Let’s turn up the pressure this International Youth Day to fight back against malaria!
Despite recent progress, a child dies from malaria ever minute. Sickness from malaria and caring responsibilities keeps many – especially women and adolescent girls - from steady work or attending school. Malaria is preventing futures and economies from reaching full potential. Global leaders must now commit more action, innovation, and funding to #endmalaria.
Join the youth of today and sign this letter to help influence leaders to come together at the Global Fund’s Seventh Replenishment in September to achieve the target of at least US$18 billion for the fight against AIDS, TB and malaria and save 20 million lives.
Sign the letter
An open letter to world leaders
12th August 2022
As you will recall, the African Continent did not achieve the goal of reducing malaria cases and mortality by 40% by 2020 – a key milestone to eliminating malaria in Africa by 2030. According to estimates from the World Health Organization World Malaria Report 2021, 95% of global malaria cases and 96% of malaria deaths occur in Africa. In 2020 alone, over 600,000 Africans died from this preventable and treatable disease, of which 80% were children under 5. Meanwhile, the COVID-19 pandemic has imposed an incredible strain on our health systems and economies across the continent.
But ending malaria is an achievable goal if we take decisive action. Between 2000 and 2020, 10.6 million lives were saved and 1.7 billion malaria cases were prevented globally due to political will, innovative financing, the scaling up of main malaria interventions, and new interventions. However, malaria progress has stalled in the last two years due to biological challenges including insecticide and drug resistance, limited funding for the global malaria response, and the impact of COVID-19. Now to help get us back on track, global leaders must come together in September to recommit again and achieve the Global Fund replenishment target of at least US$18 billion for the fight against AIDS, TB, and malaria.
As youth, we are concerned that malaria continues to plague our continent. A child dies from malaria every minute, but this is not the only mark it leaves behind. Sickness from malaria and the burden that women and girls continue to bear results in lost school hours and productivity in the workplace. The disease is stopping us, stopping our bright future and our economies from reaching our full potential and achieving the Africa we want.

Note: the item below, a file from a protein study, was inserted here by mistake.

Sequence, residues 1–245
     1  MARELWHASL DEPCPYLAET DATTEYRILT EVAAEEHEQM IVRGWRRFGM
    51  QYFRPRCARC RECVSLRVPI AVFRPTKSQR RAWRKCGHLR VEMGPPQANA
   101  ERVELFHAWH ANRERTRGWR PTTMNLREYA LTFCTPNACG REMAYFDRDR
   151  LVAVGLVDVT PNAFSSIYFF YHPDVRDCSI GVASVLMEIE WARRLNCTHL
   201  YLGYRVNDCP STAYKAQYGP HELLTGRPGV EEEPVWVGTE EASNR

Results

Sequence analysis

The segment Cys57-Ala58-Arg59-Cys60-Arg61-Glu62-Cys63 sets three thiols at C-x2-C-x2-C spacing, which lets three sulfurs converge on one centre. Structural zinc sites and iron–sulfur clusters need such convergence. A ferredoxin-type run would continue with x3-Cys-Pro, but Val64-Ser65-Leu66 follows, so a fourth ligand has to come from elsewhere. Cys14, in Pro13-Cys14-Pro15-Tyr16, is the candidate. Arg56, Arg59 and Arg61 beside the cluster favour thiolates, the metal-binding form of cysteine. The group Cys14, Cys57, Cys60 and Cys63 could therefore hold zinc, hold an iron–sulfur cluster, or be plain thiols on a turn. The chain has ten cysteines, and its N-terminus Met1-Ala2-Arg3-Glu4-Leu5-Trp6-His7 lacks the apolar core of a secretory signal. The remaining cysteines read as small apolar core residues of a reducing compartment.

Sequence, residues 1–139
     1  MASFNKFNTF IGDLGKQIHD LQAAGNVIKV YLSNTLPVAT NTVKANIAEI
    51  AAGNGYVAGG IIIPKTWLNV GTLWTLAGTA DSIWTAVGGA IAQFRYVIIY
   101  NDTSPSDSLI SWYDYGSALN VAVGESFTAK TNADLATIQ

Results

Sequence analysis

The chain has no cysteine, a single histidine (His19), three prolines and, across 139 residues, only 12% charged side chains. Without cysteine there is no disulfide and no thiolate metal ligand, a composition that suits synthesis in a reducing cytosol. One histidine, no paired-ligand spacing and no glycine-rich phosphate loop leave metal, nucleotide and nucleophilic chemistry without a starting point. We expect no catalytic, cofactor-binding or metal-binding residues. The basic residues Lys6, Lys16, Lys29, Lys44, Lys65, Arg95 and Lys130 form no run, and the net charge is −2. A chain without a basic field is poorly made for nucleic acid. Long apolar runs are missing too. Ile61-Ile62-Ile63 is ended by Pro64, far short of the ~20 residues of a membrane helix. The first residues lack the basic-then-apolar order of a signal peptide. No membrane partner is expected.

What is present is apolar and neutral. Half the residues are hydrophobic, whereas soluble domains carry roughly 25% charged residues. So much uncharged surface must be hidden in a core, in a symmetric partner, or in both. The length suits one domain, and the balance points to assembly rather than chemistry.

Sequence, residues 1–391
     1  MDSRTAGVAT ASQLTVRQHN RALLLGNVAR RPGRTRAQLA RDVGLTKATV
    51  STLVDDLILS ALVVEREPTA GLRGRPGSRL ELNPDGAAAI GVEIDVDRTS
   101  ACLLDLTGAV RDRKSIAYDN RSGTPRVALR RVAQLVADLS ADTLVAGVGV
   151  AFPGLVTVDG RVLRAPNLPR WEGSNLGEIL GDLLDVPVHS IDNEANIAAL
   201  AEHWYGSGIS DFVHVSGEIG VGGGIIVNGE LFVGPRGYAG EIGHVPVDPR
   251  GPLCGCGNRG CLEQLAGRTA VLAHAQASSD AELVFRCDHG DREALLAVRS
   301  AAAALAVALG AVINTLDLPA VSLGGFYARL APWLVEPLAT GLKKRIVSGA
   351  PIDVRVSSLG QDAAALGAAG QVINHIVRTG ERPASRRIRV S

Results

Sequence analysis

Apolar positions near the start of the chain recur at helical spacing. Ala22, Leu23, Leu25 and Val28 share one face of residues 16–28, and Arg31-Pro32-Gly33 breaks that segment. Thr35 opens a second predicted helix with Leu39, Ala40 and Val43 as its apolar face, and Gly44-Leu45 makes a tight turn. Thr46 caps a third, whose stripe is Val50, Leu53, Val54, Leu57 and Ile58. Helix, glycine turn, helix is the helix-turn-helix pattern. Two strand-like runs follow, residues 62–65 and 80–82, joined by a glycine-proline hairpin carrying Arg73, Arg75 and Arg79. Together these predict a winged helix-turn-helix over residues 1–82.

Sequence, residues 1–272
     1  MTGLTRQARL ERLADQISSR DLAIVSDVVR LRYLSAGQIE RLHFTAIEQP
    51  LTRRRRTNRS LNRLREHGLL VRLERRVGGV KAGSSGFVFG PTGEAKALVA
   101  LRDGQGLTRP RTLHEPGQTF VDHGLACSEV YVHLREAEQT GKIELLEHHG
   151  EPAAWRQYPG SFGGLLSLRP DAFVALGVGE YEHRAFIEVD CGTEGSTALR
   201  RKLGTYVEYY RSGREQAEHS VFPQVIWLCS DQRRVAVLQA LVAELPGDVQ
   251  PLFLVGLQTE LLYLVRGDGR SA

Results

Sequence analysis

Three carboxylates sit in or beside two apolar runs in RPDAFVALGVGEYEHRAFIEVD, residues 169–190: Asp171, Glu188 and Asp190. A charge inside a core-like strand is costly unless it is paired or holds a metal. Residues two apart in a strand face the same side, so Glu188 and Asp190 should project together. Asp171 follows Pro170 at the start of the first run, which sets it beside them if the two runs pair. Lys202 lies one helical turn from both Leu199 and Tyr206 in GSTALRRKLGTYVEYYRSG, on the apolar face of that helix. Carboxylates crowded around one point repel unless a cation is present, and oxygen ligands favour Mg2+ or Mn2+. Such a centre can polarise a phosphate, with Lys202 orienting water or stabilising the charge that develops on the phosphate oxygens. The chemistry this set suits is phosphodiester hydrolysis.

Excellencies, this is the time to act. We, the African youth, are taking our future into our hands.
Seven in 10 Africans have not yet reached their 30 th birthday. Together, we have the power to change the course of our future to achieve a malaria-free world in line with the 2030 targets. That’s why we’re putting pressure on this International Youth Day by calling on you, our leaders and parents, for more sustained action, innovation, and funding to fight against malaria. A decrease in financing will be dire for the global malaria response, paving the way for a steep rise in malaria cases. You have the power to stop malaria in its tracks.
To sustain life-saving malaria and health services, we must recommit to keeping malaria high on national development agendas, tailor existing malaria interventions to the most affected people living in high malaria burden countries, and rapidly deploy new tools to address the growing threats of insecticide and drug resistance. We must also mobilise additional resources (especially from the domestic public and private sector), empower civil society and communities to act and strengthen data and evidence-based governance.
Over 25 countries across the continent have already declared “Zero Malaria Starts with Me”, joining the pan-African movement to accelerate action and end the deadly disease. But we need to keep going, and it is time now to fight for what counts and avoid backtracking. Making the right investments in malaria programmes, research, and innovation can save millions of lives and strengthen country health systems to respond to future threats and pandemics.
Malaria – we, the African youth, are too strong, smart, fierce, fast, and bold for you!
We are the generation to end malaria, and we will not stop fighting until we deliver the goal of ending this disease as an epidemic by 2030.
Our future depends on it.
Please accept excellencies the assurances of our highest consideration.